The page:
Letters to the Editor

Students have spoken

After reading Monday’s editorial, I was forced to ask myself, “What reasons did The Hatchet have for endorsing Sen. John Edwards for the Democratic presidential nomination?” Perhaps it is because of Edwards’ excellent showing in the D.C. Primary and his large on-campus support. Or maybe because of the serious resources he has pumped into Virginia and Maryland, or his large network of student supporters across the country working countless hours on his behalf.

In reality, Edwards decided not to participate in the D.C. Primary, has no official student organization on campus, is only now talking about Virginia and seems to have no clue that there is a Maryland primary March 2, and he has not captured the attention of students nationwide. One would think that The Hatchet would take these issues into consideration when selecting a candidate.

As our only major campus newspaper and the “voice of the students,” one would think that an endorsement would stem from issues that concern the needs and wants of the student body. If the above criteria were taken into account while making the decision to endorse, there would have been only one candidate who qualified.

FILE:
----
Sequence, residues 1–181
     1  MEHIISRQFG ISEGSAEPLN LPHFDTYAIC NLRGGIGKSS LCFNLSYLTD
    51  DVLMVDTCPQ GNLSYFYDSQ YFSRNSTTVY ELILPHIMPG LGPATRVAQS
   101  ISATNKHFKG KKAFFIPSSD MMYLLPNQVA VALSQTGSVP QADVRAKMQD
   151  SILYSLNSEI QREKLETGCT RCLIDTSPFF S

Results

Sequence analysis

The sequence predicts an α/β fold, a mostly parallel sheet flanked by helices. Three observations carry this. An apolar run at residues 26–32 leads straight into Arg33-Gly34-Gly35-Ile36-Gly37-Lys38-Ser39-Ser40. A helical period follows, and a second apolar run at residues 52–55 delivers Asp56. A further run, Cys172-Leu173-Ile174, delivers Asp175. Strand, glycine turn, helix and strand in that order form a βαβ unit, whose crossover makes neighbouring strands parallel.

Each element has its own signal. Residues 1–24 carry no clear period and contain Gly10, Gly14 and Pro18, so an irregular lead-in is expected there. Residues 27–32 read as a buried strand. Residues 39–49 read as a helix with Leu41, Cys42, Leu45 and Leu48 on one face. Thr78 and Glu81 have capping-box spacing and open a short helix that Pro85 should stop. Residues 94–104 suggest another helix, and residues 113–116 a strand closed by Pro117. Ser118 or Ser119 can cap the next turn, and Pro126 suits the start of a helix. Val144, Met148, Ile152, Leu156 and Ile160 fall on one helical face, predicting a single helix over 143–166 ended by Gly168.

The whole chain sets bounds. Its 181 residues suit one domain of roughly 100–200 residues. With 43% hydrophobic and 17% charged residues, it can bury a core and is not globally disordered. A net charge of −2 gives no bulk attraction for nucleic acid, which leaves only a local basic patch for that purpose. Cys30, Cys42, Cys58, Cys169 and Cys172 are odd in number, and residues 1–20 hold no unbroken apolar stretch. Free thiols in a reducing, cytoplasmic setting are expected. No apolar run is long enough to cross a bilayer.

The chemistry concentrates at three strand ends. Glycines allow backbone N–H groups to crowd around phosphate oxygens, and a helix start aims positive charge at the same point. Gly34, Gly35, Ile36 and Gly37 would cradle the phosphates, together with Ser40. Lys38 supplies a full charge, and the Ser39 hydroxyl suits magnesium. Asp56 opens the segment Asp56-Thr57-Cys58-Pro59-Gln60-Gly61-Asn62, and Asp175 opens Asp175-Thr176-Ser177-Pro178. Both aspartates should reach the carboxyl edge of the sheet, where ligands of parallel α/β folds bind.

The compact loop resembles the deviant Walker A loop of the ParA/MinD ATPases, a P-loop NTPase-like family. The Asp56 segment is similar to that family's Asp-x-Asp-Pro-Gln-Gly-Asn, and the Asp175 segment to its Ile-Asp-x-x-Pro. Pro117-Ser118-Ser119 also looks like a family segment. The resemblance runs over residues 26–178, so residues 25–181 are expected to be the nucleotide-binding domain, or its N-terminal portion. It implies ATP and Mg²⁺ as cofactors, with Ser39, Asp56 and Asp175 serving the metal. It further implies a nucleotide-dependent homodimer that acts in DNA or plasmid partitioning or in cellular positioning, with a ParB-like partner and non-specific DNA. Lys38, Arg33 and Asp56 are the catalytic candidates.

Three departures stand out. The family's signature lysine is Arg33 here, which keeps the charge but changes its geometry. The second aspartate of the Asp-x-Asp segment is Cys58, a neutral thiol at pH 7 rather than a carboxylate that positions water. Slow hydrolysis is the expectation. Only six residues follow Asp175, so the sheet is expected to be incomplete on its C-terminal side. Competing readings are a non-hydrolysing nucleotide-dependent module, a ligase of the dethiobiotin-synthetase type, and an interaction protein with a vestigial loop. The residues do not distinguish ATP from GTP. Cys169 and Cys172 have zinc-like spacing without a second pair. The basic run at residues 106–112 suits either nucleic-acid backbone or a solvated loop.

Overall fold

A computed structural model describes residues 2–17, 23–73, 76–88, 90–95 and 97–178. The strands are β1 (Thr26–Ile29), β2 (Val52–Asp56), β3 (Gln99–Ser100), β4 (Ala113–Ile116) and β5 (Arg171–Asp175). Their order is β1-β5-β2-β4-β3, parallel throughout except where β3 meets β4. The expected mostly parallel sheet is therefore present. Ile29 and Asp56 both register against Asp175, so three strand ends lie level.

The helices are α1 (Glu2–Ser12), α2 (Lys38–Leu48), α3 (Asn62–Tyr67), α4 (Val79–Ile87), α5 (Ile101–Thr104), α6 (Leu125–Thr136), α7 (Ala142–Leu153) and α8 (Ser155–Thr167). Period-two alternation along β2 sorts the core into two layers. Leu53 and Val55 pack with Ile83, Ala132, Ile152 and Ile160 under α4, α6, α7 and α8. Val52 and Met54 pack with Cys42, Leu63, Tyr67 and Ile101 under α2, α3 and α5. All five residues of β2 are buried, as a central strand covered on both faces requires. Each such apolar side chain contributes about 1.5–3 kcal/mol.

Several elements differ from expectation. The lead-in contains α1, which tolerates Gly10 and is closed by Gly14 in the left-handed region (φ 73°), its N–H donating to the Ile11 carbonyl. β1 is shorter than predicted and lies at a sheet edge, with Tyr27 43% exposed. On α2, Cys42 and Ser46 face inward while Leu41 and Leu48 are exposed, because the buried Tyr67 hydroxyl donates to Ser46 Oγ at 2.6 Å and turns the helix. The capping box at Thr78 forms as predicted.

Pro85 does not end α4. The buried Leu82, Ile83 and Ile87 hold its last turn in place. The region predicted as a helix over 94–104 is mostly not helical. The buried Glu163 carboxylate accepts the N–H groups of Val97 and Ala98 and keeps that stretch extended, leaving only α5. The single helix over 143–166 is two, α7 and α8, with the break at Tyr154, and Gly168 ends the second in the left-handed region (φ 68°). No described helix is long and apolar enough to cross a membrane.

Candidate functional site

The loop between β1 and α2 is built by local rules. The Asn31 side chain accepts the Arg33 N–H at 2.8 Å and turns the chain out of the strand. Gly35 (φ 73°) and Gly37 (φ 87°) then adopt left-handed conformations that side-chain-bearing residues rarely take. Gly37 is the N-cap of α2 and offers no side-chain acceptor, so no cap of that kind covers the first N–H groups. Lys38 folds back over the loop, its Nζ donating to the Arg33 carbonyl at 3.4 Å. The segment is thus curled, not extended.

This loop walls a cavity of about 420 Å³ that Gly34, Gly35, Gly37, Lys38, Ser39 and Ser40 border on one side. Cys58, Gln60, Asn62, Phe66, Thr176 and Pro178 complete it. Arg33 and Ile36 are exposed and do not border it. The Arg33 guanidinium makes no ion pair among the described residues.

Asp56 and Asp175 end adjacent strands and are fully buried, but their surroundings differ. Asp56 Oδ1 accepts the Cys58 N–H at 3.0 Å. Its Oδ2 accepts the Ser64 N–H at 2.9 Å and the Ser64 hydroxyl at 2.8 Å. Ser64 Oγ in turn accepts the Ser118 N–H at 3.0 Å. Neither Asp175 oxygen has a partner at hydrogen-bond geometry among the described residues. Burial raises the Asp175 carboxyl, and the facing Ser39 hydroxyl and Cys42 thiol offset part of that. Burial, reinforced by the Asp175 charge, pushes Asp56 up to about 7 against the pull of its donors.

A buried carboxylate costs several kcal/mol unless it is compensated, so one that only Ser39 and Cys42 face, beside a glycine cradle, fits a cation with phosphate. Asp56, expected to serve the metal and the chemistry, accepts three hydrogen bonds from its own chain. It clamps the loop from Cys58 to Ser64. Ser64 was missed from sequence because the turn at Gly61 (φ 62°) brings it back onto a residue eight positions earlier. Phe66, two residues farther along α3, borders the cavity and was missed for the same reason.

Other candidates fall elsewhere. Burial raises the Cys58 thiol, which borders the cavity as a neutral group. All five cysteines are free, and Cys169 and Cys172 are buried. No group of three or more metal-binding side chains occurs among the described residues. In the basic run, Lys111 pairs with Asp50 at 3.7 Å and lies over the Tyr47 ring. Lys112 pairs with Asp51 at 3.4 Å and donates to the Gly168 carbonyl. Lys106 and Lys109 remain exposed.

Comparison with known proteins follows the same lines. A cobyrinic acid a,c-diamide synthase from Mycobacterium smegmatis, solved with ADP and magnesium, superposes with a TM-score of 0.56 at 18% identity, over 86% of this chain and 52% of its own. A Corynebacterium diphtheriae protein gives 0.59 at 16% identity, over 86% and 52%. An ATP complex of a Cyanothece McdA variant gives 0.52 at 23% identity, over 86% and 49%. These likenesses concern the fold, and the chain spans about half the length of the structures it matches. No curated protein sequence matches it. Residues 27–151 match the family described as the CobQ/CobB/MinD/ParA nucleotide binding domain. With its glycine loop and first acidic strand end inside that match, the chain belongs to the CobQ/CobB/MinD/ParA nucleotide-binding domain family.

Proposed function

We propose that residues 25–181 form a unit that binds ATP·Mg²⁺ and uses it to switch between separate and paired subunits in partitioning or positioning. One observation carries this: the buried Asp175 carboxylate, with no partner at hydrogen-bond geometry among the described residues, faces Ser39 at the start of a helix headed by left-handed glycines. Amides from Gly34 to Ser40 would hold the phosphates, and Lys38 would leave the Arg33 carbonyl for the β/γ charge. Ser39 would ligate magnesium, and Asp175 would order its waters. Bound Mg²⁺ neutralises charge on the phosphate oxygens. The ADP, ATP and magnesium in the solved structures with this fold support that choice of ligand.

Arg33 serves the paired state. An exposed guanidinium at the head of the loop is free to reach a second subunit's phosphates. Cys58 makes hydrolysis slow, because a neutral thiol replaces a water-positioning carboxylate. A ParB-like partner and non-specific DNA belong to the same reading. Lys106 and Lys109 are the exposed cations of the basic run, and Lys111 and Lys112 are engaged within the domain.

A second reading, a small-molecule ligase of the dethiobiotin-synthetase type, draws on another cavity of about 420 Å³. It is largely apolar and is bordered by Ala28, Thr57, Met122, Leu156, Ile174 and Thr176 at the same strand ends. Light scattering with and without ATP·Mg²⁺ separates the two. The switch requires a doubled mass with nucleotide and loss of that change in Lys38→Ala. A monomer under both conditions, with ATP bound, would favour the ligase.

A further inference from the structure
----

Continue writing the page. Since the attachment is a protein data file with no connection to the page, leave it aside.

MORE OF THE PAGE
Howard Dean has attracted the attention of students here at GW and nationwide. He not only boasts a major student organization on campus with a membership greater than the College Republicans, but a national student network with more than 23,000 members. I cannot recall the existence of a John Edwards presence on campus or a consistently active presence from any of the other candidates. As our student paper, The Hatchet should be loyal to the student body, including the 350-plus members of Dean 2004 at GW. It seems the students at GW have already spoken, and they have not chosen John Edwards.

-Kelly Taylor, freshman

Flawed endorsement

I have to say that I was perplexed by The Hatchet’s endorsement of John Edwards. The Hatchet alleges that Edwards is the “Democratic candidate most allied with causes important to college students” and goes on to cite his “outspoken” advocacy of gay rights as an example.